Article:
Why the bigger iPhone 6 is the ultimate fulfilment of Steve Jobs’ vision


When Steve Jobs was still alive, he seemed adamant that the size of the iPhone’s screen was perfect, since it was the maximum width a screen could be and be comfortable to hold while typing one-handed.

With the 4.7-inch iPhone 6 on the horizon, though, it appears that Apple no longer agrees. But why? Why are smartphone screens getting bigger anyway?

Over at PC World, Ben Taylor lays out all the data on the ever-growing world of smartphone screen sizes, and ultimately examines five hypotheses as to why.

Rejecting the notion that larger screens are a marketing gimmick for lack of data, or that Apple got screen size wrong when it released the original iPhone in 2007, Taylor considers the idea that manufacturers have always wanted to make bigger phones, but technology didn’t allow it.

As he notes, this theory makes a good deal of sense. The pixel densities needed to drive larger screens require advanced battery and display technologies, which didn’t really exist when the iPhone was first released.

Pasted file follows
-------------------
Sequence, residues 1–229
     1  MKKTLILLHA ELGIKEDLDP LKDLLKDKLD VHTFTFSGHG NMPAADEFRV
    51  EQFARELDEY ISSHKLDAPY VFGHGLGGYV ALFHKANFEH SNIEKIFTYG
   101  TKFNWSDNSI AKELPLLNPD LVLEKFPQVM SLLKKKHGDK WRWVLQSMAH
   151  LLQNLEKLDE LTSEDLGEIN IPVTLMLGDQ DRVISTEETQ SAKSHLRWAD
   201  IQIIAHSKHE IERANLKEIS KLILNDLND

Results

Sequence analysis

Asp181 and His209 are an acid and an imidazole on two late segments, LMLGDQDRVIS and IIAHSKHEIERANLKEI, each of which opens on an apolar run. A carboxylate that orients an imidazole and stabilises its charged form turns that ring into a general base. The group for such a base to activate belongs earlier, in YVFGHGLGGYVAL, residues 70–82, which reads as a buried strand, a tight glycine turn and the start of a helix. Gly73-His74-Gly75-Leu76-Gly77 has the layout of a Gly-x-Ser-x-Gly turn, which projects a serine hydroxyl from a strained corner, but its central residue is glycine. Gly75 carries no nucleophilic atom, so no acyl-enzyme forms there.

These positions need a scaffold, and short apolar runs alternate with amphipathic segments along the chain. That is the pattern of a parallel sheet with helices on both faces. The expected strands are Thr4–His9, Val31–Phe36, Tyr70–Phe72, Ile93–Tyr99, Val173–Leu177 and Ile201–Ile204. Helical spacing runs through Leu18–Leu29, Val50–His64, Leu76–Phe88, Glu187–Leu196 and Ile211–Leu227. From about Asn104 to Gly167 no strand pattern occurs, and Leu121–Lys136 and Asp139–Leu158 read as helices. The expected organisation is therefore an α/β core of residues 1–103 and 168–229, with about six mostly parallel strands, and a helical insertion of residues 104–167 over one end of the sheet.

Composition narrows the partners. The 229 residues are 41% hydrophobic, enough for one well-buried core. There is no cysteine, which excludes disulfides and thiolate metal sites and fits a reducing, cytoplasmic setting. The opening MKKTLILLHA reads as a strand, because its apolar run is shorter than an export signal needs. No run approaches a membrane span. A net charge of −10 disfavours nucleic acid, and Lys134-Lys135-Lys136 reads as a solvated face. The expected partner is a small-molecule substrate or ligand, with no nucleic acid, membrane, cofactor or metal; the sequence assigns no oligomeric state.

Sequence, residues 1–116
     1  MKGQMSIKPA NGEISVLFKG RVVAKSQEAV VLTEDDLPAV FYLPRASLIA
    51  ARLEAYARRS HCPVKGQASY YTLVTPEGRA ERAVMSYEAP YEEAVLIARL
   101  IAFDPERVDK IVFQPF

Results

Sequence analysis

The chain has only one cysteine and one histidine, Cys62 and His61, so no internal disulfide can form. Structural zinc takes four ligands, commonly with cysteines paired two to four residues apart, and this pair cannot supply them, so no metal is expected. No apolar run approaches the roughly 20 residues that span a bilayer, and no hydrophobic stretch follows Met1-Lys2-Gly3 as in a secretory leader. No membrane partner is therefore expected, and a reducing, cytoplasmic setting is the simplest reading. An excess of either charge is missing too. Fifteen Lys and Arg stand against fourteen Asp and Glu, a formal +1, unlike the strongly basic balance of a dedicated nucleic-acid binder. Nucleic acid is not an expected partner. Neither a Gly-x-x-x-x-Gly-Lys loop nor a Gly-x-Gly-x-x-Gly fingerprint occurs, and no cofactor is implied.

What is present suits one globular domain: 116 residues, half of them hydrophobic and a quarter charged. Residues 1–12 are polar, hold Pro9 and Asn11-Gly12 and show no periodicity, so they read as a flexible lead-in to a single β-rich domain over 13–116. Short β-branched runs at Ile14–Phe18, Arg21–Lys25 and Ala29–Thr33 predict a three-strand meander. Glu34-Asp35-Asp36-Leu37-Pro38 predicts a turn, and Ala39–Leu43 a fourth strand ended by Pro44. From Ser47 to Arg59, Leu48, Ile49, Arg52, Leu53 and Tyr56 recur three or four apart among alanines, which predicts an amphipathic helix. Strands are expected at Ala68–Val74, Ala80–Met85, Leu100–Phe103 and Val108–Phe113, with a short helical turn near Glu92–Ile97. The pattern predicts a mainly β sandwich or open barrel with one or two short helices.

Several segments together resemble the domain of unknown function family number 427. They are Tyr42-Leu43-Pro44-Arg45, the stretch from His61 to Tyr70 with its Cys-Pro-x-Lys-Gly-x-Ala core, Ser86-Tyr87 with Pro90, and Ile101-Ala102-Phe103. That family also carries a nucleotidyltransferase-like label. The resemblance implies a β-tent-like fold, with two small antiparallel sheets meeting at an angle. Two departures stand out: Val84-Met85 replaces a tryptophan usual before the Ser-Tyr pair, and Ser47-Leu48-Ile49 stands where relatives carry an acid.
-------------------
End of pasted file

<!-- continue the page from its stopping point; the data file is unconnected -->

Ultimately, though, Taylor makes a convincing case that the real reason people are gravitating to larger smartphones now is that the smartphone has become our primary computer. “As smartphones become our primary devices, doing the jobs once held by computers and even televisions, we need a product that can change, like a chameleon, to serve all of these functions,” he writes.

I think there’s a lot to recommend that theory. Steve Jobs wasn’t wrong about screen sizes: A 4.7-inch iPhone 6 is just the ultimate culmination of his vision that the iPhone would become the most important computer in our lives.

About the author

John BrownleeJohn Brownlee is a Contributing Editor. He has also written for Wired, Playboy, Boing Boing, Popular Mechanics, VentureBeat, and Gizmodo. He lives in Boston with his wife and two parakeets. You can follow him here on Twitter.

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